- Diseases, Disorders & Conditions
Sensory Integration Dysfunction
What is it?
Sensory Integration Dysfunction is something that frequently gets diagnosed alongside autism. Sensory integration is something that most people have very little issues with, but with autistic kids magnifies their social problems and outbursts.
Most of you have a specific food you don't like or won't eat, or know someone who has these issues. Frequent offenders are eggs and yogurt, due to texture. It isn't the taste, but the way the food feels in your mouth that makes you uncomfortable.
How many of you cringe at the feeling of touching something slimy or "gross?"
While it could just be an aversion to dirty things, this may also be a manifestation of sensory integration dysfunction.
What SID affects
Sensory integration dysfunction affects our senses. Notice how I avoided the "5 senses" there. There are actually quite a bit more than 5.
When you consider how many senses the human body has, and that SID can affect any or all of them at any given time, and to varying degrees, it makes sense that children with SID can sometimes act odd to seemingly innocuous things.
I am going to give some examples here, focusing on the 5 senses, simply because they are the senses we are most familiar with.
What is it like to have SID?
The best explanation I have heard regarding what it was like to have SID came from one of my son's occupational therapists. She said that someone with SID might feel something much more or much less than what you would expect, or even differently.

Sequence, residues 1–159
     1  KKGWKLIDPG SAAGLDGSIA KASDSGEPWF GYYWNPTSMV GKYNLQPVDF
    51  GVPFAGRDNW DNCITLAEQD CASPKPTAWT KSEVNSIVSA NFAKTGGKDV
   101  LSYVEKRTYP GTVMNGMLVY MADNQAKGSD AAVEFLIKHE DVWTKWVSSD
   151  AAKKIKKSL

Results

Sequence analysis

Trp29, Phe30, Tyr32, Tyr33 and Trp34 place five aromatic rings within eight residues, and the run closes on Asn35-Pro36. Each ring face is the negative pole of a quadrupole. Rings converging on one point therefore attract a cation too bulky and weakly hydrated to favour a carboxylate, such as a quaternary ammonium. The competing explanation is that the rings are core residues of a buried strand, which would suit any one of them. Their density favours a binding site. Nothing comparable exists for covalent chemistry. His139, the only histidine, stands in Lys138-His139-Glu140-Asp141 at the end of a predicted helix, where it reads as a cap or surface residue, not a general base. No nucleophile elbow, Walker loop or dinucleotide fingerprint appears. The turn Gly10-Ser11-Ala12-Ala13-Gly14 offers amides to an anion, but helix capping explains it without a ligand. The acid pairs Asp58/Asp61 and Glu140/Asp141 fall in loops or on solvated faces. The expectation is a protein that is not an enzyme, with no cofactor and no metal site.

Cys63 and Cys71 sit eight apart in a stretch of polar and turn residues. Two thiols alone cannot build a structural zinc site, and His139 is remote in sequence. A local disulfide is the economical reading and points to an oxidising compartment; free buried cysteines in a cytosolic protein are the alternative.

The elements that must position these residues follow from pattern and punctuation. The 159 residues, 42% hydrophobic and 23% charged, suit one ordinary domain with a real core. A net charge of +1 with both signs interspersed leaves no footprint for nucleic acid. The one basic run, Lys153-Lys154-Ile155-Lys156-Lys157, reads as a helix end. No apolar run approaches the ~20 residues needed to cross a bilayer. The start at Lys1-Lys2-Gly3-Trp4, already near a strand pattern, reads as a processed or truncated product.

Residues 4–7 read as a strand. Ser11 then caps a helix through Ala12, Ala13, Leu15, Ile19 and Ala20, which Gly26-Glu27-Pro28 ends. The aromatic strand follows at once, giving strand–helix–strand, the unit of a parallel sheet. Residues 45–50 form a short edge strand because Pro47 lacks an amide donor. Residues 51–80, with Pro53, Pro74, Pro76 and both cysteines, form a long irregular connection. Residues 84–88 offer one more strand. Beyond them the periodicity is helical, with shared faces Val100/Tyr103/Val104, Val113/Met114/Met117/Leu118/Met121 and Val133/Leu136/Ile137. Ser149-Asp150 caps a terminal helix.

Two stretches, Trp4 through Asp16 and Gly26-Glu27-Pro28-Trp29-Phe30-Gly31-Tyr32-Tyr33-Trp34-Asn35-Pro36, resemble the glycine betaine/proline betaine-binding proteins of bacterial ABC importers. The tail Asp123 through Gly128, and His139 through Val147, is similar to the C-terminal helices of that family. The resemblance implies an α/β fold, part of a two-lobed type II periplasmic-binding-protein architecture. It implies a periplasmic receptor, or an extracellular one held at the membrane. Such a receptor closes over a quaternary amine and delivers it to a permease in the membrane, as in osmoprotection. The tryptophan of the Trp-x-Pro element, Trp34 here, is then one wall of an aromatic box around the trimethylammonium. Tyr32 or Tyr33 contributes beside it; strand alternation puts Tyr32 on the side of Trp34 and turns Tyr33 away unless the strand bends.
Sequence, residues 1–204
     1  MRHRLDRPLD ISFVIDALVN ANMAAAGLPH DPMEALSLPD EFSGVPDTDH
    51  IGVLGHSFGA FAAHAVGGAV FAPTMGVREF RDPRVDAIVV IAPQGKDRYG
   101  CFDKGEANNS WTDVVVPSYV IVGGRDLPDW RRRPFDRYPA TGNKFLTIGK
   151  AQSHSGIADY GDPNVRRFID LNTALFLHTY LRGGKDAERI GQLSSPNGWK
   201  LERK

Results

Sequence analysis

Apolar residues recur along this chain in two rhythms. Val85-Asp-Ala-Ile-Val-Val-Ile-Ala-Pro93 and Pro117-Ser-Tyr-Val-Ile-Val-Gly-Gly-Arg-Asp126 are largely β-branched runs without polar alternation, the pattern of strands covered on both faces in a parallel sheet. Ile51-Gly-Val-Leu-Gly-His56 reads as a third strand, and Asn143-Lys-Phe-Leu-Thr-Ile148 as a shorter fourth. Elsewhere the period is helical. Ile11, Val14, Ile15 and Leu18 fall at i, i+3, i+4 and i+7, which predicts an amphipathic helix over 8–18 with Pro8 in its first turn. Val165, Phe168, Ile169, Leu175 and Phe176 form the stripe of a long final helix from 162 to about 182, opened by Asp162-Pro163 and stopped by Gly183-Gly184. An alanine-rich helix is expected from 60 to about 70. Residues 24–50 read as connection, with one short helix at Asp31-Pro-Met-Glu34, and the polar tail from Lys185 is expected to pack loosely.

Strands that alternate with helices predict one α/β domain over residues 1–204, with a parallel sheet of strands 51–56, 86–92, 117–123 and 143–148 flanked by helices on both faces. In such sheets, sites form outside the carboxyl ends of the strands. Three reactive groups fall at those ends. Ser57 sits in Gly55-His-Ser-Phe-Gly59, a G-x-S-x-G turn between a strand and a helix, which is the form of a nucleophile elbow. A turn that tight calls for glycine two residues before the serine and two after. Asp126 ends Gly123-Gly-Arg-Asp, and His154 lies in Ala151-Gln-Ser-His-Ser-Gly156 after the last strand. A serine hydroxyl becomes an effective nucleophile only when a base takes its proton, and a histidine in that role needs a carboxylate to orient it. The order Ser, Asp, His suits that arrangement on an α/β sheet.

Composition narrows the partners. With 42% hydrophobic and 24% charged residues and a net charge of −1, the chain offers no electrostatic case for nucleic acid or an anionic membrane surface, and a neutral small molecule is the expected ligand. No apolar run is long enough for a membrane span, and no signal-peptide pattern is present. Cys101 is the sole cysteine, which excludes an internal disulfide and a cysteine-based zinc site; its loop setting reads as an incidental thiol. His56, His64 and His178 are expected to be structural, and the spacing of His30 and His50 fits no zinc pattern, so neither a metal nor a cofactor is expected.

For example, a tap on the shoulder might be painful to someone with SID. Tags in the back of clothes could be horribly itchy, and intolerable. The feel of wind over your skin might feel like tickling.
Some textures are also intolerable. If I try to feed my son certain foods, he will gag, and even vomit.
It is a trial and error process trying to get him to eat new things.
I suspect this is some sort of dysfunction of the vestibular sense. Devin has always had problems with movement and balance, and I think this is a manifestation of these problems.
Sensitive to sounds
My son is very sensitive to sounds, especially of echoes. When he was very young, before his diagnosis with autism, I recall going into Sam's Club, which is a membership based warehouse store owned by Wal-Mart.
Devin immediately reacted by covering his ears and crying. It was not particularly loud in there, but the high ceilings created a good bit of echo.
This is what I imagine Devin might have been hearing.
Because of all this input that gets jumbled up, kids with SID sometimes have a lot of trouble with life. They might cry, scream, hit, or jump up and down. They might do some very odd things to try to cope with their sensory issues. Forcing the child to do something will almost always backfire. A slow and steady introduction of new things and sensations will pay dividends on the long term.
Devin used to only ever eat grain products on a daily basis. Cereal, pancakes, waffles, et cetera. We have slowly introduced new things to him, and his diet is expanding, though slowly. If we were attempt to serve him something he couldn't handle, then Devin would just go hungry. He would starve himself over eating the new food.
Instead, we took it slow.
First we just put a new food on his plate, but didn't make him eat it. This upset him quite a bit, but after a few days he could tolerate it.
Then, we would have him touch the food to his lips and tongue.
Then, small bites, but not requiring him to swallow.
Finally, he would take bites and even eat some of it.
We've expanded his diet quite a bit this way, and the more new foods you introduce, the easier it will be to get your child to accept other new foods.
These steps we took to introducing new foods can be adapted for every sense to help the child develop more fully and hopefully flourish to be the best they can be.